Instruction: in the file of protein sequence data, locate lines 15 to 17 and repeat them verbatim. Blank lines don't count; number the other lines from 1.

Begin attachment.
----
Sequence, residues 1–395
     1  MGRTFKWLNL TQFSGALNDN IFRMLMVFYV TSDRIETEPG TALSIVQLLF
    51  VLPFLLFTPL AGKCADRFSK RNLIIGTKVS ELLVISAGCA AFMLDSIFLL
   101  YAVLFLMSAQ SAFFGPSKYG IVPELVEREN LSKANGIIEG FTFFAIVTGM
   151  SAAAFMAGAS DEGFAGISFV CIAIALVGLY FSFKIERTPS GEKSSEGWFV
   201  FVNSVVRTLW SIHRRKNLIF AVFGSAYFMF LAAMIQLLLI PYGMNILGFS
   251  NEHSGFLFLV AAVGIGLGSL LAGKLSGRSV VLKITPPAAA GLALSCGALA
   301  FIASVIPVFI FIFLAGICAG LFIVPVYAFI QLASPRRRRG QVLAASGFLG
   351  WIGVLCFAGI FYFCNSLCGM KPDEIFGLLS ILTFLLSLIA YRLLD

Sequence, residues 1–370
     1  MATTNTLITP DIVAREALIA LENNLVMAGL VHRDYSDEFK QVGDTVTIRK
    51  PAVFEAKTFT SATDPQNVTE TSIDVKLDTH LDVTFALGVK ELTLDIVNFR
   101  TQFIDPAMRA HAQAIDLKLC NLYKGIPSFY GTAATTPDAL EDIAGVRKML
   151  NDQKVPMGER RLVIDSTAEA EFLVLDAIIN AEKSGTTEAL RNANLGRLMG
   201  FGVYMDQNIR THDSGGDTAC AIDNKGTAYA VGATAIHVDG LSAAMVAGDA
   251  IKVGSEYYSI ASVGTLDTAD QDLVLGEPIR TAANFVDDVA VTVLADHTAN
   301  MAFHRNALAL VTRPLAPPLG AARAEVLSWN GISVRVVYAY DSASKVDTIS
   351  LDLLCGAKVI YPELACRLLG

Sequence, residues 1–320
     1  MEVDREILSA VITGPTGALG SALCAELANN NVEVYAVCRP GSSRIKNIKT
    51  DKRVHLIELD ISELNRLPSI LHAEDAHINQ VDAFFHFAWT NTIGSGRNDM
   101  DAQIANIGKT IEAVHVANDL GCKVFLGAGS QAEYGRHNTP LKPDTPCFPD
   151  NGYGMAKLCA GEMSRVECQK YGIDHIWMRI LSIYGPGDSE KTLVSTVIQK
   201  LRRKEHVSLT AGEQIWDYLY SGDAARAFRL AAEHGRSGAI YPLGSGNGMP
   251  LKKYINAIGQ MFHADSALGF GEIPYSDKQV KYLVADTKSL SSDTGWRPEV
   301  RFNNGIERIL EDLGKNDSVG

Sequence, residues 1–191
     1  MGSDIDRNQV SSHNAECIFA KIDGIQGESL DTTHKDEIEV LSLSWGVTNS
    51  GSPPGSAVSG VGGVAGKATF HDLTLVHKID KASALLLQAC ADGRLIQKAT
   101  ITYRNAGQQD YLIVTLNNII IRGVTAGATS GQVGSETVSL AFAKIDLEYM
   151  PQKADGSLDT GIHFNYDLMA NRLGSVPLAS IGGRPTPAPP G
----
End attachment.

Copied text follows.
   201  FGVYMDQNIR THDSGGDTAC AIDNKGTAYA VGATAIHVDG LSAAMVAGDA
   251  IKVGSEYYSI ASVGTLDTAD QDLVLGEPIR TAANFVDDVA VTVLADHTAN
   301  MAFHRNALAL VTRPLAPPLG AARAEVLSWN GISVRVVYAY DSASKVDTIS